Golden-Handed Tamarin Facts
- The Golden-Handed Tamarin, also known as the Midas Tamarin, is an astonishing species. Of further interest, this spellbinding creature classifies as a variety of New World monkey.
- Quite fortunately, despite having only a moderate and restricted habitat range, its numbers appear to be sufficient and stable. Due to these factors, the IUCN classifies it as Least Concern.
- Interestingly, the remarkable primate appears to be expanding its range into that of another variety of tamarin. Evidence indicates that it is slowly displacing the other species.
Golden-Handed Tamarin Physical Description
The Golden-Handed Tamarin is a fascinating creature, yet nevertheless remains a physically diminutive primate. Mature adults reach an average body length of about 8 – 11 in (20 – 28 cm).
Further, the remarkable tail adds another 12 – 17 in (31 – 44 cm) to the overall length of the animal. It also remains a lightweight species, rarely exceeding a weight of 1.2 lb (0.54 kg).
Its dark face develops hairless, while its large ears protrude from the fur. In addition, the fur displays primarily black or dark brown. The face is quite dark, and entirely hairless.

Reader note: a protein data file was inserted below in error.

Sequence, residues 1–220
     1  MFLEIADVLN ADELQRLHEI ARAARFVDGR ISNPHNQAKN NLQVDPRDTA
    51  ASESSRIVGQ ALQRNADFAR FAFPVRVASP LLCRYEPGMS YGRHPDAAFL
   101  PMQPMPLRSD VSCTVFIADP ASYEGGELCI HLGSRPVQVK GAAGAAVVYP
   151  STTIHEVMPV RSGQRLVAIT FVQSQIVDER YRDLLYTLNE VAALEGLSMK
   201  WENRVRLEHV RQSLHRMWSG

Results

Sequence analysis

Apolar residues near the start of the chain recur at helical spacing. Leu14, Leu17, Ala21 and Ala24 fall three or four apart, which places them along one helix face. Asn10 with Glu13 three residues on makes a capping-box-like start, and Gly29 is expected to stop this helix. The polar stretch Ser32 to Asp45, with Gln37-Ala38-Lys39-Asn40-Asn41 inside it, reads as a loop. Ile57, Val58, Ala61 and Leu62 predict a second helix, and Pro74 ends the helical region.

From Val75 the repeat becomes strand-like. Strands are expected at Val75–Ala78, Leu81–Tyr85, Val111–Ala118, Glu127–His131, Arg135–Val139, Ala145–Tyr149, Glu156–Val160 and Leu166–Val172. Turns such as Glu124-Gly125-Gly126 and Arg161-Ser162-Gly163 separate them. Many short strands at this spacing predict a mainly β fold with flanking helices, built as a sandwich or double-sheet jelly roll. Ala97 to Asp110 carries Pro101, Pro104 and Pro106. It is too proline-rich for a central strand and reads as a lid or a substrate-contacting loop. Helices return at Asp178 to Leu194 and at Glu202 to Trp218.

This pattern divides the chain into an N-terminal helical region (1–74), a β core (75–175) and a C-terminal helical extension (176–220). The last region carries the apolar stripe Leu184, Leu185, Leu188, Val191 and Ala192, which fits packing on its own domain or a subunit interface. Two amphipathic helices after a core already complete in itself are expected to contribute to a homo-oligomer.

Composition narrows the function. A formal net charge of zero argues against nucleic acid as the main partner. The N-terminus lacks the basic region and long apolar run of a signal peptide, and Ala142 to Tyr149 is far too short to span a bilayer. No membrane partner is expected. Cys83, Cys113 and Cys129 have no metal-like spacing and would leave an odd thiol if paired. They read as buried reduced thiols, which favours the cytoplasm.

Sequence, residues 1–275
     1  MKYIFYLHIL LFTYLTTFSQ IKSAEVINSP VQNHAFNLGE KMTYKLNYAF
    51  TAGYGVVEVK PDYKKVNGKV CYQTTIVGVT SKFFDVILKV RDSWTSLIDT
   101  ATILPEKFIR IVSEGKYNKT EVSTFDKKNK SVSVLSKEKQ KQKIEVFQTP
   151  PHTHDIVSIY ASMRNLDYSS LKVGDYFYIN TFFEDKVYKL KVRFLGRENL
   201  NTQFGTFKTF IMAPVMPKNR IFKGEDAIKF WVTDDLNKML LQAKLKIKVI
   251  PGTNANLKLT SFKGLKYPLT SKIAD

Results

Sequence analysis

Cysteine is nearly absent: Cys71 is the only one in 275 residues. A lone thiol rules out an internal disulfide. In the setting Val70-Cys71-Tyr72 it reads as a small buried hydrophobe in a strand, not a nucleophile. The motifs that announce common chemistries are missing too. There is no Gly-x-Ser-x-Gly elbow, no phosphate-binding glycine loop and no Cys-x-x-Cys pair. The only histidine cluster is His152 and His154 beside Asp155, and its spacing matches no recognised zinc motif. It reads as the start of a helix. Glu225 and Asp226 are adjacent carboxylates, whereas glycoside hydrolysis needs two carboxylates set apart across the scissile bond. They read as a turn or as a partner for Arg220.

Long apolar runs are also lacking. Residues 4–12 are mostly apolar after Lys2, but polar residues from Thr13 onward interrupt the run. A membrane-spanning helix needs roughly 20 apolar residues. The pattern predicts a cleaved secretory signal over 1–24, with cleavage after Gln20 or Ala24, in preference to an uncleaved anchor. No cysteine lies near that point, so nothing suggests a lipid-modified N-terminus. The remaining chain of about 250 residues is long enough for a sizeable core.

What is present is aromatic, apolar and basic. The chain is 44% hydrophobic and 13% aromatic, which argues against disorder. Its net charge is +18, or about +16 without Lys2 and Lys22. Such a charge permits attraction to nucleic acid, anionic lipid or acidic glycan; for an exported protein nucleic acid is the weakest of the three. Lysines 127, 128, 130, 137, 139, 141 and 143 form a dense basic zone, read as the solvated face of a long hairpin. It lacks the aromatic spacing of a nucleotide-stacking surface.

However, the feet and hands are its most memorable and distinctive physical feature. These display a reddish-orange to gold color, hence the alternate common name of Midas Tamarin.
- Kingdom: Animalia
- Phylum: Chordata
- Class: Mammalia
- Order: Primates
- Family: Callitrichidae
- Genus: Saguinus
- Species: S. midas
Golden-Handed Tamarin Distribution, Habitat, and Ecology
Within that range, however, it only inhabits wooded areas north of the Amazon River. Spending virtually all of its time in the canopy, it also prefers trees with small crowns.
Most notably, it typically lives in small groups, usually including 4 to 15 individuals. Rather surprisingly, little competition exist within the group, even among breeding males.
This species also displays extreme durability. Individuals often leap to the group from heights of as much as 60 ft (18 m), and land without injury.
Finally, the animal remains extremely territorial, males and females alike. It can be quite aggressive, and even dangerous, despite its small size, due to its sharp claws and canine teeth.